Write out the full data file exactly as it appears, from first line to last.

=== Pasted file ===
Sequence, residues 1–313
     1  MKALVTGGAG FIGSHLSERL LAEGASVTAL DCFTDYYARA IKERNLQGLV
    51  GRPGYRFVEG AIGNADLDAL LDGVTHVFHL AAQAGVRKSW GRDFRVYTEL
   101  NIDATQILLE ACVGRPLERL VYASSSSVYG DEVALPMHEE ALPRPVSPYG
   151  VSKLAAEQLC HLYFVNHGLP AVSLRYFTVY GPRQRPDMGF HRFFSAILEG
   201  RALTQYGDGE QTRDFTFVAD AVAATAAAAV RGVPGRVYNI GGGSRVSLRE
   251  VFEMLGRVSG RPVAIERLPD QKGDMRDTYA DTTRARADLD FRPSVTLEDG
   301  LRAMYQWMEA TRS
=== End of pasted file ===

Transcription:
Sequence, residues 1–313
     1  MKALVTGGAG FIGSHLSERL LAEGASVTAL DCFTDYYARA IKERNLQGLV
    51  GRPGYRFVEG AIGNADLDAL LDGVTHVFHL AAQAGVRKSW GRDFRVYTEL
   101  NIDATQILLE ACVGRPLERL VYASSSSVYG DEVALPMHEE ALPRPVSPYG
   151  VSKLAAEQLC HLYFVNHGLP AVSLRYFTVY GPRQRPDMGF HRFFSAILEG
   201  RALTQYGDGE QTRDFTFVAD AVAATAAAAV RGVPGRVYNI GGGSRVSLRE
   251  VFEMLGRVSG RPVAIERLPD QKGDMRDTYA DTTRARADLD FRPSVTLEDG
   301  LRAMYQWMEA TRS